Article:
“Over the last quarter century, case studies have documented the advantages of biophilic experiences, including improved stress recovery rates, lower blood pressure, improved cognitive functions, enhanced mental stamina and focus, decreased violence and criminal activity, elevated moods, and increased learning rates.” –Terrapin Bright Green, Introduction: The Economics of Biophilia, 2018.
When it comes to stress reduction and enhancing the welfare of building occupants, there is a design style that stands out among the rest. Biophilia design evokes the great outdoors and can give spaces a calming atmosphere, proven though Evidence Based Design (EBD) and biophilia design studies to promote productivity, increase healing, and enhance learning conception.
According to Terrapin Bright Green in a 2018 study titled, “The Economics of Biophilia” for Prism Media LLC, the word Biophilia came into use by American biologist Edward O. Wilson in the 1980s. Wilson believed that bringing humans back into nature is critical for our emotional well-being. According to Wilson, “Biophilia is the innately emotional affiliation of human beings to other living organisms.” Because human beings are physiologically part of nature, human beings need to feel connected with nature in order to feel whole.
In unsettling environments such as hospitals, stress, irritability, and distraction will often occur. The problem is that what is not unsettling for one person may be unsettling for another person. That is what is so great about biophilia design. Biophilia design is proven to provide ALL human beings with an emotional comfort for members of any culture. Healthcare facilities use EBD by using artwork featuring calming colors found in nature and by utilizing natural images. This is critical for the mental health of patients who may not be able to go outside to experience nature frequently. In an urban hospital, Art Force placed a large mural outside the windows of patient’s rooms. By using colors found in nature, paintings of leaves, and positive messages, the hospital allowed their patients to get a sense of the nature that may be missing. Through EBD, and the studies of Edward O. Wilson, we understand that a calming space is critical for the well-being and healing of patients, and for all human beings.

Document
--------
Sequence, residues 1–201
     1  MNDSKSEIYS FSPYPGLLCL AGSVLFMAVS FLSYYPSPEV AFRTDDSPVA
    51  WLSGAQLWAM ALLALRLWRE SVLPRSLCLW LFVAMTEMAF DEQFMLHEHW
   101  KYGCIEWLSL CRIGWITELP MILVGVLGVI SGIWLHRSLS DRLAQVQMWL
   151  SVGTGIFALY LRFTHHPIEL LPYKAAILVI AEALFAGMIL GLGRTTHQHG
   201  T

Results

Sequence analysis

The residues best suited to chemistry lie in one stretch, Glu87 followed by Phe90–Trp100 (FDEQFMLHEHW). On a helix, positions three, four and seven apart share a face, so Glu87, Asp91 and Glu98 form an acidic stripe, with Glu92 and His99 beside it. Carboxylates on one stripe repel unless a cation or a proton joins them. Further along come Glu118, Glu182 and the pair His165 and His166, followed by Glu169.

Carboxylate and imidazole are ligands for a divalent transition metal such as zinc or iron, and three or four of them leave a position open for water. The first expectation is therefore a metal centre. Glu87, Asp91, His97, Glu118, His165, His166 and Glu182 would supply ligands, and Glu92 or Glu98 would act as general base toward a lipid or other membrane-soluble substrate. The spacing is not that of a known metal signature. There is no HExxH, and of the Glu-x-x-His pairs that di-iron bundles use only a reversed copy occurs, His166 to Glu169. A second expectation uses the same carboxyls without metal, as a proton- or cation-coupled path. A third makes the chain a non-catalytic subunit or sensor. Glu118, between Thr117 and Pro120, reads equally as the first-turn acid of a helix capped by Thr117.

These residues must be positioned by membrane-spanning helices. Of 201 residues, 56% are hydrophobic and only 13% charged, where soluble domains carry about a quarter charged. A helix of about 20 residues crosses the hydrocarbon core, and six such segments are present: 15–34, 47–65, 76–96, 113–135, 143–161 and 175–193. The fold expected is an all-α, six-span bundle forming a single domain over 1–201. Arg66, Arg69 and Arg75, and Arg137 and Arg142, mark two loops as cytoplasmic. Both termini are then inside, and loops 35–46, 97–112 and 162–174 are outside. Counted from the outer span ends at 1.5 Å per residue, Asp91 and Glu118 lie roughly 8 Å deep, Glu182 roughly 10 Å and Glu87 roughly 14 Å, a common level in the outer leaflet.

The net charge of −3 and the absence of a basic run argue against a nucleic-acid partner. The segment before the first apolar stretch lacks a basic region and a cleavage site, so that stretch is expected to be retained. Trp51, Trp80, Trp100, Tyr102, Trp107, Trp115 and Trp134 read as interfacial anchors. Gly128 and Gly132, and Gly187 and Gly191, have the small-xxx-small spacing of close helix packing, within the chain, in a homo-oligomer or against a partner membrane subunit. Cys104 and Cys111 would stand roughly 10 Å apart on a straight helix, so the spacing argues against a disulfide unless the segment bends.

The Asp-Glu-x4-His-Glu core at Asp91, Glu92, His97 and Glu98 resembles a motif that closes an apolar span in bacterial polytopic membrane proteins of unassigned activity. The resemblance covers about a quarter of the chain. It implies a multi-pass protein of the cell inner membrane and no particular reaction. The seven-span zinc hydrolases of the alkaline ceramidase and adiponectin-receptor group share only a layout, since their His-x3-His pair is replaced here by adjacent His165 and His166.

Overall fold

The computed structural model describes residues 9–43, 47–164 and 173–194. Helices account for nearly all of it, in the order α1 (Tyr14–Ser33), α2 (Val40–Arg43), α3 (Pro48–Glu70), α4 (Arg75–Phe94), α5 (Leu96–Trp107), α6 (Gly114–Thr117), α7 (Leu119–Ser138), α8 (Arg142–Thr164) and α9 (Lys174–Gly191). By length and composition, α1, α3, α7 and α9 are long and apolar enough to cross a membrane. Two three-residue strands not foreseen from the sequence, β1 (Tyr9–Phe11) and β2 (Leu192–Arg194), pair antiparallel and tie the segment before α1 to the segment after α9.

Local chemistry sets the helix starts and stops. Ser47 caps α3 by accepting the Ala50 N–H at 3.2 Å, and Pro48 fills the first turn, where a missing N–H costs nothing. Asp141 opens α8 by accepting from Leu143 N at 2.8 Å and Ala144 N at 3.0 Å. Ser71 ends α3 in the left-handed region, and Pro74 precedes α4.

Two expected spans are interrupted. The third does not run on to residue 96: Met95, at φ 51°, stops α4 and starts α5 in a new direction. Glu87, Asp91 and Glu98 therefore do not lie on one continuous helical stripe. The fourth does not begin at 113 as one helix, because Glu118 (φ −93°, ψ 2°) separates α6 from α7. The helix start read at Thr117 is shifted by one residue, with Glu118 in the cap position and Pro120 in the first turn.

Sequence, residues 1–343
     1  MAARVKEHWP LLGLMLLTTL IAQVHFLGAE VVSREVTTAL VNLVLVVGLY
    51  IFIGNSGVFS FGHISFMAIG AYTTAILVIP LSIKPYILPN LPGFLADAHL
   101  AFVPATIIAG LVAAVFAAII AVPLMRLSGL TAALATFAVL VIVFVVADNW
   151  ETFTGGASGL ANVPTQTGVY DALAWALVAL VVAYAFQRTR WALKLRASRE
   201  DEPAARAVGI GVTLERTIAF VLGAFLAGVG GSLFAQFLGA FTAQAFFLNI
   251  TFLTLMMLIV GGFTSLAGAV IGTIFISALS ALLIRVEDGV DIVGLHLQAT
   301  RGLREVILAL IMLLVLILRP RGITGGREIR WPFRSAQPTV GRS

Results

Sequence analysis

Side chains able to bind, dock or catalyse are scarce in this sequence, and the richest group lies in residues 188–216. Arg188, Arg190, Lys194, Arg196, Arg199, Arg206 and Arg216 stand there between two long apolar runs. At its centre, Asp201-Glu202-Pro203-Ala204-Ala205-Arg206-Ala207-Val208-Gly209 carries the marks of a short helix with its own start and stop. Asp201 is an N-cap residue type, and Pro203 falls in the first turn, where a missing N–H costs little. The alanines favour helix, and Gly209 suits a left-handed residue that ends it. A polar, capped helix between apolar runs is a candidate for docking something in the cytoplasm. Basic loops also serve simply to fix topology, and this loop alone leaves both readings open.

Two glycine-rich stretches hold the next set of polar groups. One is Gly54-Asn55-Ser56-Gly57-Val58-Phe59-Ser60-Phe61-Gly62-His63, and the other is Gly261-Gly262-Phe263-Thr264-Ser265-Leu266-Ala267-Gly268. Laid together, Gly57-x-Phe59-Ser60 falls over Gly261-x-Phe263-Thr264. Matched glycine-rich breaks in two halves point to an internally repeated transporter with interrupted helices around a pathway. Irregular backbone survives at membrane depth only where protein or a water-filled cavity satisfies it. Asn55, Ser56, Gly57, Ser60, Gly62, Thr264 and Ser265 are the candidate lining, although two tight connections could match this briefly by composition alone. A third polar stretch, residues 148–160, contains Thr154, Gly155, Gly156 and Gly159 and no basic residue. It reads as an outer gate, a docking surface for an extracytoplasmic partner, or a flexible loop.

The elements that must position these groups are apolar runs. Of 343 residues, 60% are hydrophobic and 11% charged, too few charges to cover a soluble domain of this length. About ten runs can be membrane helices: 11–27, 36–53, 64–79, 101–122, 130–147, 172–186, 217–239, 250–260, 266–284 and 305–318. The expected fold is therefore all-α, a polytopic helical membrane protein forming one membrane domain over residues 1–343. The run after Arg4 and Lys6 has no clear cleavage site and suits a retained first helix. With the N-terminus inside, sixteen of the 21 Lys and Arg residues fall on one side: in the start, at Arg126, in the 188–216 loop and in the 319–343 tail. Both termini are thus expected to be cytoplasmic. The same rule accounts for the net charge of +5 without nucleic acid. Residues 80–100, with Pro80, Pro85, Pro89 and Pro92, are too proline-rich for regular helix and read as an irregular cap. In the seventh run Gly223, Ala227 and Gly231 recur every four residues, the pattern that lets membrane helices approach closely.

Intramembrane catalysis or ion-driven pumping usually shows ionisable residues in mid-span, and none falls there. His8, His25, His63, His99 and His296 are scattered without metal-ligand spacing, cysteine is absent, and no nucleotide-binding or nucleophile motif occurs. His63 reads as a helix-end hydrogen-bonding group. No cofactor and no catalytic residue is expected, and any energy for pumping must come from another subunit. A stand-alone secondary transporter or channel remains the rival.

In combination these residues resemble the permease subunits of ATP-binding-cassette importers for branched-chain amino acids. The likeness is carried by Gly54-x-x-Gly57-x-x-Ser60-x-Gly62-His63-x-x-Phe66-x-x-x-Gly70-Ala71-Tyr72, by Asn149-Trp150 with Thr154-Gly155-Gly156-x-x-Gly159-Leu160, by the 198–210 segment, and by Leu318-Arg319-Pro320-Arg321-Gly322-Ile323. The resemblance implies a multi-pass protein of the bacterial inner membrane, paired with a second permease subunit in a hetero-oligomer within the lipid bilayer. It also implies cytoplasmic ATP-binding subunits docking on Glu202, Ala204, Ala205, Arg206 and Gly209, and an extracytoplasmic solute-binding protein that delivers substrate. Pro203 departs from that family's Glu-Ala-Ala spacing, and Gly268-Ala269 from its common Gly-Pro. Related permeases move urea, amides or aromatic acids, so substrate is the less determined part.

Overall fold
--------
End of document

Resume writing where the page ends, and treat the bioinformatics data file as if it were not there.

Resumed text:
Biophilia can also have a profound impact in the workplace. During the work day, we are often inside for the majority of the day. Sometimes when we finish the work day it is dark outside, making it difficult to go out and experience nature. In order for humans to get our biological need for connecting with nature, bringing the natural world into the workplace is necessary for our well-being. Whether it be potted plants, windows overlooking greenery, or nature art, biophilia design will transform indoor spaces into an emotionally beneficial environment that all building occupants will benefit from.
Compared to updating technologies, incorporating biophilia design into the workplace may seem not so necessary, but it has been proven to be beneficial for not only workers, but for the workplace whole. Biophilia design proves to be a top contender in relieving stress and elevating moods, among other beneficial factors, and untroubled workers will make for better productivity and happier overall workplace culture.
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